May 4, 2018 - Vol. 1, Issue 31
The Power of Black Liberation Theology
Above: Photograph of Reverend Dr. James H. Cone. 1
Front cover of Black Theology & Black Power 2
Reverend Dr. James A. Forbes, Jr.
Reverend Dr. Jacquelyn Grant
For this week’s issue, we reflect upon the legacy of Reverend Dr. James H. Cone , who passed away last weekend at the age of seventy-nine. 3

Dr. Cone’s seminal work in black liberation theology provided a “religious counterpart” to the secular Black Power movement. 4 In his interview, Dr. Cone described the intent behind black theology, in the context of both the Black Power and civil rights movements of the 1960s and ‘70s: “I wanted to show that we have to introduce a religious dimension to Black Power, because it is such a positive force in empowering black people to take charge of their lives and of their identity.” 5 [ James H. Cone, THMDA 2.7.1 ] .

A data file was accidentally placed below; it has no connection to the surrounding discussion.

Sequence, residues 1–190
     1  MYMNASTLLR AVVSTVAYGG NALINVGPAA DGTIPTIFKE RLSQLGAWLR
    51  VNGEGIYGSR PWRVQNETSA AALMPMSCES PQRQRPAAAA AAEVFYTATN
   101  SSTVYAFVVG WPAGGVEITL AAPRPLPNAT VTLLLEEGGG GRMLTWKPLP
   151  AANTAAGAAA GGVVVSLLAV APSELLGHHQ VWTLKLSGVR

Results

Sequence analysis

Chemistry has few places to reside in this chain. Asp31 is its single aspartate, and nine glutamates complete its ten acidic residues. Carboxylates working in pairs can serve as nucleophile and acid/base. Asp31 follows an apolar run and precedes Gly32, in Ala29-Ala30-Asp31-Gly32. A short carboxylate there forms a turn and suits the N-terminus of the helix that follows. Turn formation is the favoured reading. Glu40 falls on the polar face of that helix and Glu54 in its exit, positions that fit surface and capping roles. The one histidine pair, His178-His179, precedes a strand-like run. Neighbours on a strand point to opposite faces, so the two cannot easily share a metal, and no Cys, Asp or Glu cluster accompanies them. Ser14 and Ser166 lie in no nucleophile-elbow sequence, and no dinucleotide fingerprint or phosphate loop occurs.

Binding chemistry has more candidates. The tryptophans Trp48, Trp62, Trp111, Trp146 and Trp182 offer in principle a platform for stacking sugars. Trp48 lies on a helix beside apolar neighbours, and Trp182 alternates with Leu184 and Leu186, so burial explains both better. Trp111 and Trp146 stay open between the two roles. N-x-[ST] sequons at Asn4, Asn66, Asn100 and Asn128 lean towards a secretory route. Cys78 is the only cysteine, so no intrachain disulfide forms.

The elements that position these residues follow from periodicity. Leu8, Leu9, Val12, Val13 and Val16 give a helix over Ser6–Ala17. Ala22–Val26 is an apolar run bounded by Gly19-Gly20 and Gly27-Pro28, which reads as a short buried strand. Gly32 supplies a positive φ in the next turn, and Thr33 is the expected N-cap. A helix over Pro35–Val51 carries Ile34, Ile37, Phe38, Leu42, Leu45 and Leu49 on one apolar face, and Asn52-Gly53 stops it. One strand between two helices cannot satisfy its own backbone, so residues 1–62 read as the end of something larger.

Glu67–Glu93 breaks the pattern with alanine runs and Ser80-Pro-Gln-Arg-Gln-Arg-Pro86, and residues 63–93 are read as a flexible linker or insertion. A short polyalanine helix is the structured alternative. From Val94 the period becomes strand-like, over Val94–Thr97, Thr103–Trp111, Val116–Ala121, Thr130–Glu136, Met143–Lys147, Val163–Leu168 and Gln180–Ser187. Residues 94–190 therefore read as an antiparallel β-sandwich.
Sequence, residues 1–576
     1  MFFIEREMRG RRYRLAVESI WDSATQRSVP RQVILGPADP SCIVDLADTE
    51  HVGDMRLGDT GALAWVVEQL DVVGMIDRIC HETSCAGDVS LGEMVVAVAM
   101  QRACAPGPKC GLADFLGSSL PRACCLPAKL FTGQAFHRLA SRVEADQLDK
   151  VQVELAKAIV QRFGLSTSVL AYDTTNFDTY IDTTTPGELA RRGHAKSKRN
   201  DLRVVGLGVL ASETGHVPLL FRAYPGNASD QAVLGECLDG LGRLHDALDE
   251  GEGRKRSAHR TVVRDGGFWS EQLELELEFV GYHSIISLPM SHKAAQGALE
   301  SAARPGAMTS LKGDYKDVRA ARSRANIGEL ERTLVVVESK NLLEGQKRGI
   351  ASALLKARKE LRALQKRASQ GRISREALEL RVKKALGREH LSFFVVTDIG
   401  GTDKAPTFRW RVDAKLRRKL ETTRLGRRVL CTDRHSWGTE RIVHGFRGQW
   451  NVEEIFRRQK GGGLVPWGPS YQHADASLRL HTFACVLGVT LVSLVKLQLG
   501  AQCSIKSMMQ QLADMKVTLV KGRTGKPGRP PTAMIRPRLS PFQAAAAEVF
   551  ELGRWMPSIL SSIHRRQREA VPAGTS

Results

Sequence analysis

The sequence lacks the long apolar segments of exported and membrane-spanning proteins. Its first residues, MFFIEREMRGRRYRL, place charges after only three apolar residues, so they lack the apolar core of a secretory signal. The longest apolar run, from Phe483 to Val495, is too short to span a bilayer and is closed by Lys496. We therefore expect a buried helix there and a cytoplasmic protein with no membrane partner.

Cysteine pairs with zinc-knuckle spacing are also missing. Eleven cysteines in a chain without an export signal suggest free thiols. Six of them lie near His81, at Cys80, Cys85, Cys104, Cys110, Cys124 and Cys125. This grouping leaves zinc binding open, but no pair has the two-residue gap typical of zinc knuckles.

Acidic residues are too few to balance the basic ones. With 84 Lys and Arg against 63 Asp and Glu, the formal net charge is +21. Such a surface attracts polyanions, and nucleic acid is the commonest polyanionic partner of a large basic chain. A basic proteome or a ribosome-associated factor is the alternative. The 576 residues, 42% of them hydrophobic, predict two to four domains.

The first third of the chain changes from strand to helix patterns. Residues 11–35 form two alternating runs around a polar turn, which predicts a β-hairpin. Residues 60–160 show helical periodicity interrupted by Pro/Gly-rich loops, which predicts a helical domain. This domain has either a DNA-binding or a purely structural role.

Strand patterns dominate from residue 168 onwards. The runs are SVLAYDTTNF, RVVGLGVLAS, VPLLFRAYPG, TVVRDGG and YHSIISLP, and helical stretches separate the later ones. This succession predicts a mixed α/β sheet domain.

Black theology re-situated Christianity in the African American experience, and challenged normative white representations of both God and Jesus Christ. As Dr. Cone and other theologians such as Albert Cleage, Jr. and J. Deotis Roberts agreed, “the Christian God actively championed the disadvantaged and…his spirit resided with those who fought exploitation.” 6 Such views upended the white Christian establishment, which, throughout U.S. history, had relied on biblical scripture to justify the oppression and enslavement of African Americans. Reverend Dr. James A. Forbes, Jr. of Riverside Church in New York City underscored the significance of Dr. Cone’s teachings: “It was shocking at first…Jim Cone reversed the tables and said if you don’t recognize it, Jesus is black…He ain’t this blue eyed Jesus that we see in these various paintings. If your religion has not dealt with blackness, it’s suspect anyway.” 7 [ Reverend Dr. James A. Forbes, Jr., THMDA 1.4.4 ] .